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Financial Participation

Employee financial participation, in this case employee share ownership, is supported by the state under certain circumstances under the new Employee Share Ownership Law (“Mitarbeiterkapitalbeteiligungsgesetz”) which came into force in 2009. The decision to introduce a participation scheme rests however with the company or the social partners. Legislation can only support the introduction of such a scheme and provide incentives by granting bonuses or tax breaks.

This is achieved on the one hand by a state-funded bonus on employee savings as foreseen in the Fifth Asset Accumulation Law (VermBG) and on the other hand by partial tax and social security contribution relief when an employer voluntarily participates employees in company equity as stipulated in §3.39 of the Income Tax Law. The new law also supports deposits in supra-company funds.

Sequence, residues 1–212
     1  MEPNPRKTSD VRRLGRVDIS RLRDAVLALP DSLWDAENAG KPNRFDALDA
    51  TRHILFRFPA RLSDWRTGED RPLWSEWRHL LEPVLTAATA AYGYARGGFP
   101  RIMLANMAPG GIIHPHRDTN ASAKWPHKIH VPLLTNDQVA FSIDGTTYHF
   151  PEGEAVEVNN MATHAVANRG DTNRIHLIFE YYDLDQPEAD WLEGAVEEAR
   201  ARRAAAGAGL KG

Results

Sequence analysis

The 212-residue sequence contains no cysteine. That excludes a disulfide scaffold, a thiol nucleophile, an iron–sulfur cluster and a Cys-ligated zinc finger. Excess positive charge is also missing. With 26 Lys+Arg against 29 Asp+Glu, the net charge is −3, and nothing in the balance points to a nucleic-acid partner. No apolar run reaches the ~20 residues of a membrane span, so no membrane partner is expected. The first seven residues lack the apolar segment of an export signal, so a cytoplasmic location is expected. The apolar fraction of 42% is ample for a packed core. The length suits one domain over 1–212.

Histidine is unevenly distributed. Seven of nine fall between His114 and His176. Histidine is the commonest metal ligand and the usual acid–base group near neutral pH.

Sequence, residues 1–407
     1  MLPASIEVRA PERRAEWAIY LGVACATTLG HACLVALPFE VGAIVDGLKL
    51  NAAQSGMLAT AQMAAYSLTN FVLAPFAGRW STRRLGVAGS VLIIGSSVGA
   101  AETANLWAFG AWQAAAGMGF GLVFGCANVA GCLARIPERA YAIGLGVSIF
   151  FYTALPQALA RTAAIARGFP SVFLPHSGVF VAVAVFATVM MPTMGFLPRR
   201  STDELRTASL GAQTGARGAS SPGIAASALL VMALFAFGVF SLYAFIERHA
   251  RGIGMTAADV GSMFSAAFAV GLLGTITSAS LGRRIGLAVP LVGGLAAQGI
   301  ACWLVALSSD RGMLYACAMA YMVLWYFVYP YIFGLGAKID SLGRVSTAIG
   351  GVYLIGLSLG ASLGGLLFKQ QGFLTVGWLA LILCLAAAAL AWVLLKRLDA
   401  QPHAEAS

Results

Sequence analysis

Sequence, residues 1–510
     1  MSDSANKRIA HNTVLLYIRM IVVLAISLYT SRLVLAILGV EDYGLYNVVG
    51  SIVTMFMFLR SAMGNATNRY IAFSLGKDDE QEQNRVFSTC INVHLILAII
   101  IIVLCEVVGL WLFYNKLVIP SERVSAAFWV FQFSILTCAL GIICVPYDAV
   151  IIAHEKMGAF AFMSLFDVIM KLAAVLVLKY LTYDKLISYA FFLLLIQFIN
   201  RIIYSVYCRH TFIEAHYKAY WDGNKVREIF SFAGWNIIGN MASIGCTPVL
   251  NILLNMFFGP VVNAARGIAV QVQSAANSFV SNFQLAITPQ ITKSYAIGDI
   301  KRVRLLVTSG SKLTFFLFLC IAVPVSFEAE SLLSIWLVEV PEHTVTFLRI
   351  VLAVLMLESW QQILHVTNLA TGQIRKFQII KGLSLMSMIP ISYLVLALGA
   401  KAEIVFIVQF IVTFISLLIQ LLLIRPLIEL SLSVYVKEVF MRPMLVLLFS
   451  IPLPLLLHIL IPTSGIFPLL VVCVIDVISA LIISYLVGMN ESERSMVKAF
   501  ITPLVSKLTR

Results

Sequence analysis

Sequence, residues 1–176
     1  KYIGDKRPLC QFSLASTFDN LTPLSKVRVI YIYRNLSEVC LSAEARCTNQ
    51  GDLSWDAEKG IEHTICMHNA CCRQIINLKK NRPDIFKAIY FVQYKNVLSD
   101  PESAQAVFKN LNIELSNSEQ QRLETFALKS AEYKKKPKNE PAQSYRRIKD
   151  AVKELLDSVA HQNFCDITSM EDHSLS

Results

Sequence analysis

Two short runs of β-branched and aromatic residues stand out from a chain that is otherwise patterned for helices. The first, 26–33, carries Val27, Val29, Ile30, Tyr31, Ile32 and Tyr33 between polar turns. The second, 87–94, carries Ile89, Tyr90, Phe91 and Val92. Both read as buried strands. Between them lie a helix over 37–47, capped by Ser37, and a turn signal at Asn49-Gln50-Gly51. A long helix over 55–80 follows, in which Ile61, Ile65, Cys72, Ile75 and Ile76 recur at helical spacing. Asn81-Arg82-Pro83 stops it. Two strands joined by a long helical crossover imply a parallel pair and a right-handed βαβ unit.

The new Employee Share Ownership Law came into effect in April 2009, complementing existing legal and fiscal framework conditions with the following provisions:1

(a) Income Tax Law (Einkommensteuergesetz or EStG): tax-free allocation by the employer

When an employee receives a free or reduced-price non-cash benefit from the company he works for, the difference between the actual value and the purchase price represents a non-cash benefit and is subject to tax and social security contributions. The tax incentive previously provided by (new) §3 No. 39 EStG applied here, with non-cash benefits up to a value of €360 being exempted from tax and social security contributions.

The tax- and social contribution-free highest amount with regard to the allocation of workers’ participation by the employing company was raised from 135 to 360 euros by the reform. Employers’ allocations cannot be offset against employees’ claims under collective agreements or individual contracts, however. In this case the requirement of equal treatment must be complied with; in other words, all employees who have been with the company more than 1 year must be offered this opportunity. In 2010 the German government made a change in accordance with which, in the case of an employer’s allocation of employee shares even by way of deferred compensation, employees can invest the 360 euros tax-free but not free of social security contributions.